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So That's Why We're in Iraq

MISSION ACCOMPLISHED? U.S. President George W. Bush meets with the crew aboard the USS Abraham Lincoln, left, where he announced the end of all major combat in Iraq on May 1, 2003. (Kevin Lamarque/Reuters File Photo)

MISSION ACCOMPLISHED? U.S. President George W. Bush meets with the crew aboard the USS Abraham Lincoln, left, where he announced the end of all major combat in Iraq on May 1, 2003. (Kevin Lamarque/Reuters File Photo)

Finally, after many fits and false starts, President Bush has given us a good reason to support the war in Iraq. We must fight the war in Iraq, he says, to honor the soldiers who already have been killed fighting the war in Iraq. In a speech to a VFW convention in Utah, he mentioned that we have lost more than 2000 troops in Iraq and Afghanistan and said: 

“Each of these heroes left a legacy that will allow generations of their fellow Americans to enjoy the blessings of liberty.

“We’ll honor their sacrifice by staying on the offensive against the terrorists.” 

Make your heart swell with patriotic pride? Well I should say. And it makes sense. 

If we hadn’t invaded Iraq we wouldn’t have anyone to honor, would we? We might as well be Switzerland. And the beauty of the reasoning is that the longer the war goes on and the more of our soldiers get killed the more reason we’ll have to fight it. 

The hard-hitting White House press corps was turned to butter by the President’s performance. It pointed out that it was virtually the first time he had acknowledged that American troops were dying in Iraq and Afghanistan and, not only did he prove he knew it, he knew how many, giving lie to those who say he’s not on top of things. 

He went so far as to mention the survivors of the dead in his speech, another first. “Each of these men and women left grieving families and loved ones back home,” he said. 

He did not, however, mention Cindy Sheehan, an actual grieving mother who camped outside of his Texas retreat trying to get a word with him. She’s unhappy with his war policy. 

But you know what they say: There’s always one sorehead who complains no matter what. So she lost a son. She got her tax cut didn’t she? 


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After making the speech, Mr. Bush went off to fish and bike at Tamarack Resort overlooking Lake Cascade in Donnelly, Idaho. 

The new rationale for the war comes just in time for Mr. Bush. One of the old ones---that we invaded Iraq so that we could bring democracy to the Arab world---is beginning to look a little dicey. It seems that the Shiite majority has adopted the Tom DeLay, winner-take-all philosophy of democracy. They have the most votes so they can pretty much do what they want, which is to control the south of the country where most of them live and, more importantly, most of the nation’s oil is.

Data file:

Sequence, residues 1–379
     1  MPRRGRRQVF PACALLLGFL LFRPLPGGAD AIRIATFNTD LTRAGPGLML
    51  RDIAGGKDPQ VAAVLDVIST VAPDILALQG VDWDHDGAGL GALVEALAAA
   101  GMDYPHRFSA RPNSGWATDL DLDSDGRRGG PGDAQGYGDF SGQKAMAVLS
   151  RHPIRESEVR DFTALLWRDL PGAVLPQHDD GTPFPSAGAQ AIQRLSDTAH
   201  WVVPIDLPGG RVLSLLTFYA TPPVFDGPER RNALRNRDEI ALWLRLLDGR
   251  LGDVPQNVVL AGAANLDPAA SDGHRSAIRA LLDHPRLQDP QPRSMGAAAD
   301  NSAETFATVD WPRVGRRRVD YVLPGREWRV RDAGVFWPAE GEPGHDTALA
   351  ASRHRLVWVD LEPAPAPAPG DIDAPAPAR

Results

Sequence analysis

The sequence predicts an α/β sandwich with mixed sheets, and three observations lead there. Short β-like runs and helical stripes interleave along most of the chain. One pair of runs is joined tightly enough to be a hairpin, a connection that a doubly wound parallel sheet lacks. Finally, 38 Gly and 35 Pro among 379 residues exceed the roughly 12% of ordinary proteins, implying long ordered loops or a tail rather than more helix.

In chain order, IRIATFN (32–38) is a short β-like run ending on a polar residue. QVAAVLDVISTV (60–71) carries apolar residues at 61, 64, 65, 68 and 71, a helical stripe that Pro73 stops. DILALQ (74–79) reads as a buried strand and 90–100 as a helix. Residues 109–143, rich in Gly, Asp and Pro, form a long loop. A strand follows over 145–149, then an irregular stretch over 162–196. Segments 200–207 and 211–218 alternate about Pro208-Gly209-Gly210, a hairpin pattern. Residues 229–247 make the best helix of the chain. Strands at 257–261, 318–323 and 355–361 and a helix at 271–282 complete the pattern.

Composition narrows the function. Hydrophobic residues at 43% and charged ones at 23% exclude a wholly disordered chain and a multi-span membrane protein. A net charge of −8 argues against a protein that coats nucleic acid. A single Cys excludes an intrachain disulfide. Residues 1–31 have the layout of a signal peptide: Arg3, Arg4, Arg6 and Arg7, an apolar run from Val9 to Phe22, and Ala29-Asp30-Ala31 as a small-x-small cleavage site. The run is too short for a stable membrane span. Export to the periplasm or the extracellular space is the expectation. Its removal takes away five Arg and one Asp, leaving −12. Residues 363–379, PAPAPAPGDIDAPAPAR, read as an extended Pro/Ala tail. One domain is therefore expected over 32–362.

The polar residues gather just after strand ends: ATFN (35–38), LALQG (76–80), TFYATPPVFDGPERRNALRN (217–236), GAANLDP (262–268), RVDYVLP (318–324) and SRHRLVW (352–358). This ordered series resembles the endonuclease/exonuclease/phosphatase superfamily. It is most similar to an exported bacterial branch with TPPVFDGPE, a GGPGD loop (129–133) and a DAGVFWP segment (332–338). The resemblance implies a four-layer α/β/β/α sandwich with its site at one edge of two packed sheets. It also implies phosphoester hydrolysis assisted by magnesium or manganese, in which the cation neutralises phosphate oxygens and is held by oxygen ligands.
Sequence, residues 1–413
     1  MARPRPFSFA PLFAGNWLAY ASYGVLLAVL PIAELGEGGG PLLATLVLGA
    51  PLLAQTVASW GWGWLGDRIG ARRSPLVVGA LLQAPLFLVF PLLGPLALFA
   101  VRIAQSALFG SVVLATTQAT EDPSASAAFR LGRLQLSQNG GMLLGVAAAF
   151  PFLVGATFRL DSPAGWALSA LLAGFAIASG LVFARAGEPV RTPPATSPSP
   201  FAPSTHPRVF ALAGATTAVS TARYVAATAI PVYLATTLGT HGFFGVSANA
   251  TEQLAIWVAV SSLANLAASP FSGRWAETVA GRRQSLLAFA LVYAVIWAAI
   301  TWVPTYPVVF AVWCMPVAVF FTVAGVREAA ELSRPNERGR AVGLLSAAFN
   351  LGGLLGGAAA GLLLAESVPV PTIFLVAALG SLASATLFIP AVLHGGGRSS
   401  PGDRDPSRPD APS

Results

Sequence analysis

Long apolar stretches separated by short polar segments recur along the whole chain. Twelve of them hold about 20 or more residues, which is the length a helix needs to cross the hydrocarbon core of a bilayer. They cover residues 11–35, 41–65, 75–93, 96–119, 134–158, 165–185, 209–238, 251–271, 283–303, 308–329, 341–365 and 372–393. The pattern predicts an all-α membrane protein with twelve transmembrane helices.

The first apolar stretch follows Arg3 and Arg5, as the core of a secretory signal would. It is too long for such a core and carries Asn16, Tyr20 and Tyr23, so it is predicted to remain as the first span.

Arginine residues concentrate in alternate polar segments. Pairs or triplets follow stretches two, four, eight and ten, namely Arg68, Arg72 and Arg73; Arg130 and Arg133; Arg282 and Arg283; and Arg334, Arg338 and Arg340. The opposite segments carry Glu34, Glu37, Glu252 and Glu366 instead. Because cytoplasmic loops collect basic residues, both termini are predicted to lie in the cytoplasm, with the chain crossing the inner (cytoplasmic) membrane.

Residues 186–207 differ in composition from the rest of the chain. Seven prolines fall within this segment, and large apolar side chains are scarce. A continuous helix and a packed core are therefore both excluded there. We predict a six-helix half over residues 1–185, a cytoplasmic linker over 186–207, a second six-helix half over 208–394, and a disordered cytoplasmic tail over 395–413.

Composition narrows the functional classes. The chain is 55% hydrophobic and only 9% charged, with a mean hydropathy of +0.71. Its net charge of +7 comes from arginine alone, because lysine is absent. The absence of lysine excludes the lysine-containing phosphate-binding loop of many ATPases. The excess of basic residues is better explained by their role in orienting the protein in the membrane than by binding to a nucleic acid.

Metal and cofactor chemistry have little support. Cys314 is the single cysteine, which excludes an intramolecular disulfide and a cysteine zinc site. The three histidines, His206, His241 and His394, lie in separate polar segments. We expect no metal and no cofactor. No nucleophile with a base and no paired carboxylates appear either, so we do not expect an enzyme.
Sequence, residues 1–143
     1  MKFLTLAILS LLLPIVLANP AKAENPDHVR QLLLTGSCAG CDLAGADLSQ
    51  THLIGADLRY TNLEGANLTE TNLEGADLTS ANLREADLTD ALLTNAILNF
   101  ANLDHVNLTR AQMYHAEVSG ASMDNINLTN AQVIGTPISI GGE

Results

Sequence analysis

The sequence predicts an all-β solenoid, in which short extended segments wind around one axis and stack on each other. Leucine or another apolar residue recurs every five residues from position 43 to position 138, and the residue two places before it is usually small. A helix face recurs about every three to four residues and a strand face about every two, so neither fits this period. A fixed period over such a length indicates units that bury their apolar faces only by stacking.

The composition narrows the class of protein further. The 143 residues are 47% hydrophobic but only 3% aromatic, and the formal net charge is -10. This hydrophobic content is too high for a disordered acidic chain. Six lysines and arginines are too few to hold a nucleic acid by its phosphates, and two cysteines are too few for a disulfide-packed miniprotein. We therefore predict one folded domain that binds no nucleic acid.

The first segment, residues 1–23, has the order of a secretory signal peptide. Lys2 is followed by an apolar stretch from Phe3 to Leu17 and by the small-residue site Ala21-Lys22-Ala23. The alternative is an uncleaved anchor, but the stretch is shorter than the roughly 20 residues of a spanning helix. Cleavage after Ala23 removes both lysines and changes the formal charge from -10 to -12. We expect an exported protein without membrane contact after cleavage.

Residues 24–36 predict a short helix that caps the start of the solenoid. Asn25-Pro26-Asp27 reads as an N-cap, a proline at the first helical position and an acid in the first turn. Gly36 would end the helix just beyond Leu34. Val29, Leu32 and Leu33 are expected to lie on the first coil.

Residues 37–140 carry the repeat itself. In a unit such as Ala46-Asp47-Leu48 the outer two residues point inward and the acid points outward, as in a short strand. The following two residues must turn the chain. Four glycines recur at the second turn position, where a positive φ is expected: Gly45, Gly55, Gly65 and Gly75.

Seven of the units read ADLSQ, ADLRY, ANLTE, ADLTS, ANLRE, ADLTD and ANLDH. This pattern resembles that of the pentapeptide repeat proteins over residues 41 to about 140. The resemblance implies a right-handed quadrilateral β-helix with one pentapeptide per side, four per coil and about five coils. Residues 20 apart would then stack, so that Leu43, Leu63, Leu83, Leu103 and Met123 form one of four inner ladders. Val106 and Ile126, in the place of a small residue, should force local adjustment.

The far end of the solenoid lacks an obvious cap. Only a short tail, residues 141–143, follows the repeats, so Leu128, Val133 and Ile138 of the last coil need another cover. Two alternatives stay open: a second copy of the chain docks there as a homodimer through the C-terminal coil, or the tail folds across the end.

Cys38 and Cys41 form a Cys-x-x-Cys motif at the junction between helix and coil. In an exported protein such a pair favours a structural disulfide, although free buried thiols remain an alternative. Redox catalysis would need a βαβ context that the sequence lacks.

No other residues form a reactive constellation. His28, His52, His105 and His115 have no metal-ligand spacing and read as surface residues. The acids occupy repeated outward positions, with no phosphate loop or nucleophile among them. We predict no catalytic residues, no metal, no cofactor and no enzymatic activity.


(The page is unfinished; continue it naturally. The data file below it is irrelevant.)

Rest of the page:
The Sunnis---who under Saddam Hussein used to run the place and got the lion’s share of everything, oil included---object. They want a national government that will divvy up the oil spoils equitably. 

The Kurds up north don’t care about the Sunni-Shiite dispute so long as everybody leaves them alone and lets them have the oil in the north. 

At this writing, they were trying to write a constitution that reconciled these irreconcilable aims but were having imperfect success. Unless the problem is solved, however, a civil war is virtually inevitable, constitution or no constitution. I know, some say they’re in a civil war over there already but if the Sunnis decide there’s nothing in a united Iraq for them and throw in with the extremists, the resulting strife will make what’s going on now look like an Easter egg roll. 

Would we then stick around to try and referee the fight or would we leave? It depends on how much honor the nation can stand, I suppose. It took 58,000 dead before the American people got truly sick of the Vietnam War. 

Right now, we’re about 3 percent of the way there. 

As for me I’m going to do my part to support our troops. I’m going to buy an SUV. With all those kids dying to keep us in oil, it would be unpatriotic not to use as much as you can.

Donald Kaul

Donald Kaul

Donald Kaul wrote newspaper columns for half a century, beginning with a long stint at the Des Moines Register that made him a household name (in a good way) throughout Iowa. Kaul, who was named a Pulitzer Prize finalist for commentary in 1987 and 1999, wrote for OtherWords for many years, right on up to his retirement. He passed away in July 2018 and was lovingly memorialized throughout Iowa, the Midwest, and the journalistic world.

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